There has been a lot of recent news about the City of Memphis Retiree Health plan and the cities decision to to eliminate the premium subsidies for many of its retired employees. Because the premiums will be so large, some retirees may be better off switching to individual coverage.
When considering other coverage it will be important to remember that there are rules that dictate when a person a person can enroll and whether a person can be turned down for coverage. There is one set of rules for people who are NOT covered by Medicare and another set of rules for people who ARE covered by Medicare. Let’s start with the rules for people who are NOT covered by Medicare.
Not Covered by Medicare
If you are NOT covered by Medicare AND over 65 you are likely not eligible for Medicare. If this is you, you should NOT be losing your subsidies next year.
If you are under age 65 and not covered by Medicare, you will be eligible to purchase individual health insurance during the next Open Enrollment which begins November 15 and runs through February 15 2015. Depending on your financial situation, you can look at getting health insurance either on the Federal Marketplace or directly from an insurance company. DO NOT drop your coverage now or before the end of the year to enroll in an individual plan. A rate increase does not qualify you for a special enrollment under the Affordable Care Act. If you apply for coverage between November 15 and December 15 your coverage will begin January 1, 2015.
Under the Affordable Care Act or Obamacare, you cannot be turned down due to a pre-existing condition due to your health nor can a claim be denied because it is a pre-existing condition. Insurance carriers may only charge higher premiums to tobacco users. If your household income is very low, you will likely qualify for premium & benefit subsidies if you apply for coverage on the Federal Marketplace.
Covered by Medicare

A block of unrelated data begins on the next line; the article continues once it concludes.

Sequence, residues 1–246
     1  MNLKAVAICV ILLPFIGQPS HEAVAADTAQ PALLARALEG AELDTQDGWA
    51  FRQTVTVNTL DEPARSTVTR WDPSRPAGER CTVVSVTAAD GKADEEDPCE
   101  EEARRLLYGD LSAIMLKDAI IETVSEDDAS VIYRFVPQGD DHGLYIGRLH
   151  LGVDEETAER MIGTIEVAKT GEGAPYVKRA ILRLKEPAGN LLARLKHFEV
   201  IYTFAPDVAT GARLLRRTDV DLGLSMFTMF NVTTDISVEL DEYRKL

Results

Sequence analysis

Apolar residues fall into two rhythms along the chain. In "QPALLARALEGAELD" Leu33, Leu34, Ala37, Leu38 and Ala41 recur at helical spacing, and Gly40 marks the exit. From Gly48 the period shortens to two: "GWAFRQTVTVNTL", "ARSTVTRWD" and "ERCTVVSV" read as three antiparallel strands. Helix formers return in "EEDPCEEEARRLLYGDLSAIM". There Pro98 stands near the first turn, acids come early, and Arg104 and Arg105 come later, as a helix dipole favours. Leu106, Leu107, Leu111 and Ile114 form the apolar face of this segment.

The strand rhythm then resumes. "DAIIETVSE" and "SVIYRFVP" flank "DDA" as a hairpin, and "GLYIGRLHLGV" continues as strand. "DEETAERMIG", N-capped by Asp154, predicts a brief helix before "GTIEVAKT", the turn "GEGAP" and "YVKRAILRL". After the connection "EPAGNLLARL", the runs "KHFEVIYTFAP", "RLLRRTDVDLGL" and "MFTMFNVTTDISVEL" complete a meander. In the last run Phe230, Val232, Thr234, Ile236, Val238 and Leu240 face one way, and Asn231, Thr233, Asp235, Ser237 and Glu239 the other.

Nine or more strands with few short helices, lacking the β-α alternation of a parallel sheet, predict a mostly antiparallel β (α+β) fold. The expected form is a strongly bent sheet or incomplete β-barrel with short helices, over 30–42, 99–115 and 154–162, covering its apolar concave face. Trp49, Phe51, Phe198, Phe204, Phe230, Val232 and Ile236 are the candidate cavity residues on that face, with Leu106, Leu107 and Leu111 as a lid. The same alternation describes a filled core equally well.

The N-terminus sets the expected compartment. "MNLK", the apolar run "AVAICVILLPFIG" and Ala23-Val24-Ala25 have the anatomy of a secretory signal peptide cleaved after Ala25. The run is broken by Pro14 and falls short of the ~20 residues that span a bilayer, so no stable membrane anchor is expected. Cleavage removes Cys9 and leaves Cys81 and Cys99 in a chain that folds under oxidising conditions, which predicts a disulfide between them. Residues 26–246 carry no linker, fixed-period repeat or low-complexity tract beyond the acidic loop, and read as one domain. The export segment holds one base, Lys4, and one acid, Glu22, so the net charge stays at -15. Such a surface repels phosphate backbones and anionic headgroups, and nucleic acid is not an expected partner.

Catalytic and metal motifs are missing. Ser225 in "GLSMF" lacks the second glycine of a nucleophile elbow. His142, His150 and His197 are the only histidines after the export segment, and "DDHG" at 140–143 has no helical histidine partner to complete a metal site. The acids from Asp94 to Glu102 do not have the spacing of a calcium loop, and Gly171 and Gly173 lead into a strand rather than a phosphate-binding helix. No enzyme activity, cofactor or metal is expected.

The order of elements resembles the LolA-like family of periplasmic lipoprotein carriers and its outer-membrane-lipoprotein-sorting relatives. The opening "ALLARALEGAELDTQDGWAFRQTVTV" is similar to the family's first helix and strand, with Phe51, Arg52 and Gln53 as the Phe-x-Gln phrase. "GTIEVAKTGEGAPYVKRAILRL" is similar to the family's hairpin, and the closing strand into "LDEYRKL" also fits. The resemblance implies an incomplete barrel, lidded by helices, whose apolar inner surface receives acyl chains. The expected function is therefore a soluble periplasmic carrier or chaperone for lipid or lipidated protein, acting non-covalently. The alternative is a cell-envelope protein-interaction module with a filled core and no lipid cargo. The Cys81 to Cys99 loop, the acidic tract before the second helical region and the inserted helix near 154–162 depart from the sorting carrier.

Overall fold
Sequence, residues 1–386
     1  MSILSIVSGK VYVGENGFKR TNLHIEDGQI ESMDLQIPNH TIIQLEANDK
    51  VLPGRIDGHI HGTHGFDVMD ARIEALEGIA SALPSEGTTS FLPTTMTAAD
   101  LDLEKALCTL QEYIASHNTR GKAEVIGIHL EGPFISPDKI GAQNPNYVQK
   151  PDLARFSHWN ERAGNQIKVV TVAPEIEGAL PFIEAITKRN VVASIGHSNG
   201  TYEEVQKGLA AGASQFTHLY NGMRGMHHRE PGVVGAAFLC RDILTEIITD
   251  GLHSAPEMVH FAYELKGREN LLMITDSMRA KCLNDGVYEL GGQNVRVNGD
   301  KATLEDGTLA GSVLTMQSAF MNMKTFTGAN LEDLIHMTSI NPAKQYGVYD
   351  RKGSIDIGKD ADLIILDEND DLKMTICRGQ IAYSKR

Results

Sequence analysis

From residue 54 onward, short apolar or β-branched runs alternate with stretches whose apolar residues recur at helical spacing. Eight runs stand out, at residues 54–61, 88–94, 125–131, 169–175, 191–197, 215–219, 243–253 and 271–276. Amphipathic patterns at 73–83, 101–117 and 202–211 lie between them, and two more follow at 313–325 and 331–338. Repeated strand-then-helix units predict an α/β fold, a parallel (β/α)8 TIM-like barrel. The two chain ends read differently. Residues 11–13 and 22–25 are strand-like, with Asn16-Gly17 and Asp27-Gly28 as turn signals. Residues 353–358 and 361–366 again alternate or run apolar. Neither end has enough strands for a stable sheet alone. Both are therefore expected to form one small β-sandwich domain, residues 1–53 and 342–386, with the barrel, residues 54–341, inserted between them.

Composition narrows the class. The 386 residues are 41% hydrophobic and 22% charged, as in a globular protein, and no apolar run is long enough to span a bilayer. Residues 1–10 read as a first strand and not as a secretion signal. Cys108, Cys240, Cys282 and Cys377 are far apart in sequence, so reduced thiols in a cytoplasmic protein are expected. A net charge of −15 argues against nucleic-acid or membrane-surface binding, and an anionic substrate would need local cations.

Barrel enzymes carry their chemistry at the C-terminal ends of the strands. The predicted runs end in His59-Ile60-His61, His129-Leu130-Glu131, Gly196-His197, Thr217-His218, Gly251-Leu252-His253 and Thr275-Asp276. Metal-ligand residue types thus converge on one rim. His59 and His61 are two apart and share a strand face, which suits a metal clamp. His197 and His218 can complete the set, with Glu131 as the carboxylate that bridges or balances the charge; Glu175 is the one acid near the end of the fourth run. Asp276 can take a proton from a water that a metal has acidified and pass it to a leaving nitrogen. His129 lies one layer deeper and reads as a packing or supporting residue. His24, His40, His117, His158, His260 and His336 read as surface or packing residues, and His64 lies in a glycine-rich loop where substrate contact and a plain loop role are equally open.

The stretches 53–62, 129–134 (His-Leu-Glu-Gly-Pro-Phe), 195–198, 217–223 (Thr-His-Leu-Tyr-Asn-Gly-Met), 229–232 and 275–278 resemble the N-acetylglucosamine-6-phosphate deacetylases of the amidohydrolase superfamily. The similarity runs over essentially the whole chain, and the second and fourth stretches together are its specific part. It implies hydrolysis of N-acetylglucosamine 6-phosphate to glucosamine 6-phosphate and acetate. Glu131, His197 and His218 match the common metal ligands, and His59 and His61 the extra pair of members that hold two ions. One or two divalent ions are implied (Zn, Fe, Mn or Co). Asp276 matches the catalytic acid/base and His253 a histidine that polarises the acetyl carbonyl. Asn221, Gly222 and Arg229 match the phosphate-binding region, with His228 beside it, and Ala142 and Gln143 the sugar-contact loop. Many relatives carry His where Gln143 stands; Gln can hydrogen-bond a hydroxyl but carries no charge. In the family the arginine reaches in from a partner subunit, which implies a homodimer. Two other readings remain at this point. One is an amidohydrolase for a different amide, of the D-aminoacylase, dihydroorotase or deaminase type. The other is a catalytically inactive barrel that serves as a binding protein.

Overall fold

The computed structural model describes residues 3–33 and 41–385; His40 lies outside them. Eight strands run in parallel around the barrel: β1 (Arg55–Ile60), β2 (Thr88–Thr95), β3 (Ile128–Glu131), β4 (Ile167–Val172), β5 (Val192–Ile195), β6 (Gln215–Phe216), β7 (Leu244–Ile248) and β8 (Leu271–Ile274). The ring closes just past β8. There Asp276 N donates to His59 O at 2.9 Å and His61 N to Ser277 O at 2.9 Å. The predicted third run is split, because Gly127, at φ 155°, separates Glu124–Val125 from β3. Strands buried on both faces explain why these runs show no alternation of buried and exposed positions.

Most individuals who are covered by Medicare either keep traditional Medicare Parts A & B and then purchase a Medicare supplement policy to limit their risk for services that are covered by Medicare Parts A & B but not paid by Medicare. (i.e. things subject to Medicare deductibles, coinsurance, etc.). Medicare supplement plans were not affected by the Affordable Care Act and are generally guaranteed issue at certain times. Generally when a person turns 65 and/or enrolls in Medicare Part B, he/she will have a 6 month window where he/she can purchase a Medicare supplement plan regardless of his her health. In Tennessee this applies to people who are under 65 and have Medicare due to a disability; however, this is not true in every state.
Once the 6 month window has passed, a person can purchase a Medicare supplement at any time; however, insurance carriers can ask health questions and turn someone down if he/she has too many health problems.
Another choice for a person on Medicare would be to purchase a Medicare Part C or Medicare Advantage Plan. These plans have certain advantages (primarily low premiums); however, they come with a lot of restrictions as well. Medicare Advantage plans can only deny coverage to individuals who have been diagnosed with End Stage Renal Failure. Medicare Advantage plans must provide coverage that is at least as good, on average, as Medicare Parts A & B. All Medicare Advantage plans have an out of pocket maximum for covered medical services and many include prescription drug benefits (not subject to the out of pocket limits). They often provide extra benefits such as coverage for preventive dental services, eye exams, etc.
Medicare Advantage plans typically come in the form of an HMO or PPO plan. Most HMOs restrict access to participating providers only. Some also require consulting a primary care physician to get a referral to see a specialist. PPO plans will permit a person to see a provider who does not participate; however, Medicare Advantage plans are not popular with health care providers and many will not treat a patient who is covered by a Medicare Advantage plan.
Individuals who are covered by Medicare will also need to make sure they have considered the cost of prescription drugs. Stand alone prescription drug plans are available under Medicare Part D. Many Medicare Advantage plans include this coverage as well. All Part D drug plans have the same basic features and cover most categories of drug; however, they don’t all cover the same drugs or have the same copays and deductibles. Medicare Part D plans cover a wide range of drugs and provide very good coverage in the event someone has very expensive drug costs; however, there is no out of pocket maximum included in any Part D drug plan.
Individuals with incomes very close to or below the Federal Poverty Level and covered by Medicare may also qualify for assistance from Medicaid. In some cases, Medicaid will cover a persons Part B premiums as well as any cost sharing under Medicare Parts A & B..
All City retirees will need to carefully consider all of these factors before dropping any coverage with the City.